Yerba Mate: Brew Up a Taste of Argentina at Home
When it comes to piquing an audience’s interest, international teachers know to appeal to the palate. Program members with Educational Partners International (EPI) have demonstrated how to steam eggs (to ensure students concentrate on Mandarin vocabulary and pronunciation). They have served up jerk chicken (to whet community members’ appetite for learning about Jamaican culture). And they have shared how to make empanadas and arepas (as a tasty way to celebrate Colombian culture and Hispanic Heritage Month).
One perk of working at EPI is the window we members of staff have on all of these culturally enriching experiences. When English as a Second Language teacher Rita Aldorino taught her students about mate (pronounced MAH-teh), the national drink of her native Argentina, we took note. We’re always on the lookout for new warm beverages to try.
In her demonstration at Alston Middle School in Summerville, South Carolina, Aldorino went over the utensils involved. Mate means gourd in Spanish, and the drink is traditionally consumed in a hollowed-out calabash fruit. To drink the beverage, you use a metal straw (or bombilla). The drink itself is made by steeping the herb (yerba) in water. (In fact, “yerba mate” is another name for the beverage, and you may also see it written “maté.”)
Eager to try the drink ourselves, we went online and bought two gourds, sold as a package with a pair of bombillas and a pipe cleaner (for brushing out the metal straws). The mate leaves we bought separately.
Natural gourds require curing before use. For those wishing for something that can go from cupboard to table to dishwasher, stainless steel alternatives are another option. (Or you could use a regular mug.)
The steps we took to make the mate produced a warm, flavorful beverage, with a slight, reedy edge that was stimulating (without sinking into a weedy bogginess).
Warm Up with Stimulating Mate
- Fill gourd or mug three-quarters full of mate leaves.
- Cover the container’s mouth, flip it over, and shake the leaves inside.
- Turn the container back over and hold it at an incline, with leaves mounded toward the lip of the vessel. Insert the bombilla into the gourd, passing over the mound, with the straw’s end resting next to the pile.
- Moisten with a splash of cool water, pouring it behind the leaves and into the bottom of the container.
- Add warm water – hot, but not boiling – in the same manner.
- Steep for a moment, then sip through the bombilla.
- Enjoy, adding more water after each sip!
Try Before You Buy?
If you prefer to sample mate before buying a box of it, you may be in luck. We found it served at multiple locations within a 30-minute driving radius from our office in Swannanoa, North Carolina. For a colleague in Kansas, however, ordering a cup of mate would require a drive of more than 30 miles! Finding the beverage in the USA may depend on your proximity to a medium-sized city or college town.
If you aren’t sure you want to buy a bombilla, but you already own a French press, try making mate in it by following steps similar to brewing coffee. Add a couple of tablespoons of mate to the press, add about 16 ounces of warm water, brew for four minutes or so, then push the press’s plunger down and pour out a fresh cup!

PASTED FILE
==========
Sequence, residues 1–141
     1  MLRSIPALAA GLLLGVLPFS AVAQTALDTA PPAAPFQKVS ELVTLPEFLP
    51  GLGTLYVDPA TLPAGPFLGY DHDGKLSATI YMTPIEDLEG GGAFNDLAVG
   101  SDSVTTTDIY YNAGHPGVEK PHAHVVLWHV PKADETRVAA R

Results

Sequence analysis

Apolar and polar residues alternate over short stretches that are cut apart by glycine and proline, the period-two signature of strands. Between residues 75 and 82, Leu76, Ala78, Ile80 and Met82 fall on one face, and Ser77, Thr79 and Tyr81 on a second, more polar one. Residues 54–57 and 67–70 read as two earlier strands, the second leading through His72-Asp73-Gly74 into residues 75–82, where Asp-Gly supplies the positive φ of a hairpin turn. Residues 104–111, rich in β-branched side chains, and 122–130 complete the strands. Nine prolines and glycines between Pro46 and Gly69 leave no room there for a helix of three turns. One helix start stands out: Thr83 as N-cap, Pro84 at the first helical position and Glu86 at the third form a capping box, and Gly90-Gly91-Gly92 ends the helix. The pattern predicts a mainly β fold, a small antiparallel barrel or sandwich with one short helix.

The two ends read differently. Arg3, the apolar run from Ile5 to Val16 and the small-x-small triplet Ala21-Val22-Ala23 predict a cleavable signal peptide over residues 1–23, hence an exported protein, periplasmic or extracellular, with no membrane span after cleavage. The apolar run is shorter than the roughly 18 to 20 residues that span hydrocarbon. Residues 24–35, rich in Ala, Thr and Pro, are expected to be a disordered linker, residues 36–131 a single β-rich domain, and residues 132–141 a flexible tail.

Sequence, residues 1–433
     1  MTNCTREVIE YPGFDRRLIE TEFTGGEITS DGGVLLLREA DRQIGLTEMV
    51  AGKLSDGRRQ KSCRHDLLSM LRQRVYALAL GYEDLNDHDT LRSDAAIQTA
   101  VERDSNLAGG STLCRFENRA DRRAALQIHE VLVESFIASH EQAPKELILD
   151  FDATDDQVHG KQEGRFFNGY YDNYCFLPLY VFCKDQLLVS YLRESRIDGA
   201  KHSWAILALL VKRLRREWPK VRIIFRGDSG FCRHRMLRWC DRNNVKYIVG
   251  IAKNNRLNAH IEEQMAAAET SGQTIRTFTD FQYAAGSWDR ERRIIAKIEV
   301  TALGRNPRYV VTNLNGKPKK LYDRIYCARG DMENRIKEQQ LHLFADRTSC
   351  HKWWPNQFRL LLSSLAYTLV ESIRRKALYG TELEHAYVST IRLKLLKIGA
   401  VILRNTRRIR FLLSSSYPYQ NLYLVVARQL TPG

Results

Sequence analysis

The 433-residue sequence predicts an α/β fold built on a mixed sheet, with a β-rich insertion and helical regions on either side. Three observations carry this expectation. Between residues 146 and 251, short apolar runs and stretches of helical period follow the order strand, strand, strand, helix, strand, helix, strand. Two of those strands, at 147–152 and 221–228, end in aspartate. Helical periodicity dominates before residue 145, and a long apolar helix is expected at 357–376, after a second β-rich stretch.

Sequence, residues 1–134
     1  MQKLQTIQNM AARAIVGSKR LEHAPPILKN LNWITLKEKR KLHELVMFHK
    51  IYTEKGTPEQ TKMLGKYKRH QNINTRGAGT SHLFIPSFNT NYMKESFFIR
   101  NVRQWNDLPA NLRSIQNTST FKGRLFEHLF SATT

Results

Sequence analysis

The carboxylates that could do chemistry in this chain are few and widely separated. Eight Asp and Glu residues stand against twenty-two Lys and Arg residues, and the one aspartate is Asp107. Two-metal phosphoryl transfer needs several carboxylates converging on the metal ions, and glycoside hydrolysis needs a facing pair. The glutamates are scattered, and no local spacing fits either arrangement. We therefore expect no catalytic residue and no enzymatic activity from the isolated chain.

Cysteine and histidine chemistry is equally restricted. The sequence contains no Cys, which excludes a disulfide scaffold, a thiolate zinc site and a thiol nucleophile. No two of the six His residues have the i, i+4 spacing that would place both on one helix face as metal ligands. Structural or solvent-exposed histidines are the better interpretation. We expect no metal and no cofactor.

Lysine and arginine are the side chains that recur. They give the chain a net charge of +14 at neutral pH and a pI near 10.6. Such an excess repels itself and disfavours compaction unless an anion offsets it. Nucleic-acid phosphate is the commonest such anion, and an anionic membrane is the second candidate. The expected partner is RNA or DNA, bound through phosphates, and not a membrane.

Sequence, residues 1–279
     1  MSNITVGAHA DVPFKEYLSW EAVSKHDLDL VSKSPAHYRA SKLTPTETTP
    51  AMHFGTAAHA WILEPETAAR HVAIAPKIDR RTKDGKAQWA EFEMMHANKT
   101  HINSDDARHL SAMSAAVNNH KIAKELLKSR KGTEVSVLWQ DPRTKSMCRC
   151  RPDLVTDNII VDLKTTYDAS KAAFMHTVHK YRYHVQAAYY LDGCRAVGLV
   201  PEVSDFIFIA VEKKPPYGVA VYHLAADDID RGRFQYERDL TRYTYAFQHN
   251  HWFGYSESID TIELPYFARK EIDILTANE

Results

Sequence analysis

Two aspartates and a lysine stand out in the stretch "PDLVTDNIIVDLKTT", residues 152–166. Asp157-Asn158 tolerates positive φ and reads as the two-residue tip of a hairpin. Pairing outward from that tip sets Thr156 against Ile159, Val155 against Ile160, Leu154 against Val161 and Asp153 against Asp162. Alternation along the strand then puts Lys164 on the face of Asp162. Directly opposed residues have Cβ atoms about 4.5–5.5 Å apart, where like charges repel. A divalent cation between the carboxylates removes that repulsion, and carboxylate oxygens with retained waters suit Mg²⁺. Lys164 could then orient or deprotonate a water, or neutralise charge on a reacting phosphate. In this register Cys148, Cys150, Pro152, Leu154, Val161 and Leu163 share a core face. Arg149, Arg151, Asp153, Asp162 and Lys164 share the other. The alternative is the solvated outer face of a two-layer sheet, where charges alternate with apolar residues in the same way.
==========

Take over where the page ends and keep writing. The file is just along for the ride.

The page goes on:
A tea strainer is another option. When a colleague asked for mate at a café, the barista told him that the café ordinarily serves it in tea bags. With none ready that morning, the barista placed the mate in a strainer over a cup, then poured warm water over it. She shared that many customers bought mate by the drink or by the bag, and that several customers who order Moroccan tea at the café consume the mint tea in combination with mate. She noted that the beverage contains a lot of caffeine, and that she found its taste bitter – akin to her experiences with wheatgrass drinks. (But she wasn’t partial to many of the beverages whose leaves the café sold, she hastened to add.)
For his part, our colleague reported that he didn’t find the drink particularly bitter – nor did it make him feel jittery the way some coffee drinks do. At the café, the mate was labeled as a “strong, earthy green mate from Brazil.” And as you might guess from mate’s botanical name, ilex paraguariensis, it’s also grown in Paraguay, with Chile, Uruguay, and Bolivia – and even Syria and Lebanon – being among other countries where it’s popular. (The ilex, meanwhile, reveals the plant to be a member of the holly family.) In Argentina, mate is consumed while socializing, with a gourd being passed in a group as folks sip and add water. As Julia J.S. Sarreal writes in her introduction to Yerba Mate: The Drink That Shaped a Nation (University of California Press, 2022), the beverage “has been a part of the culture in Argentina and neighboring countries in South America since before ‘Argentina’ or ‘South America’ ever existed.”
A Food & Wine article touches on how it has been received farther north. In “Everything You Need to Know About Yerba Mate Tea, the South American Super-Beverage,” Priya Krishna writes that the beverage has “migrated over to the U.S., and in recent years has become a popular ingredient in everything from health elixirs to energy drinks. It's hailed not only as an energy booster, but also as a means for weight loss, concentration, and better digestion.”
We’ll leave it to you to weigh the truth of those claims. In our case, we’re grateful that Aldorino’s cultural exchange effort led us to try the drink. We’re sure it will warm us again this winter, and who knows? We might just try drinking it cold in the summer. If we do, we’ll be sure to keep you updated here!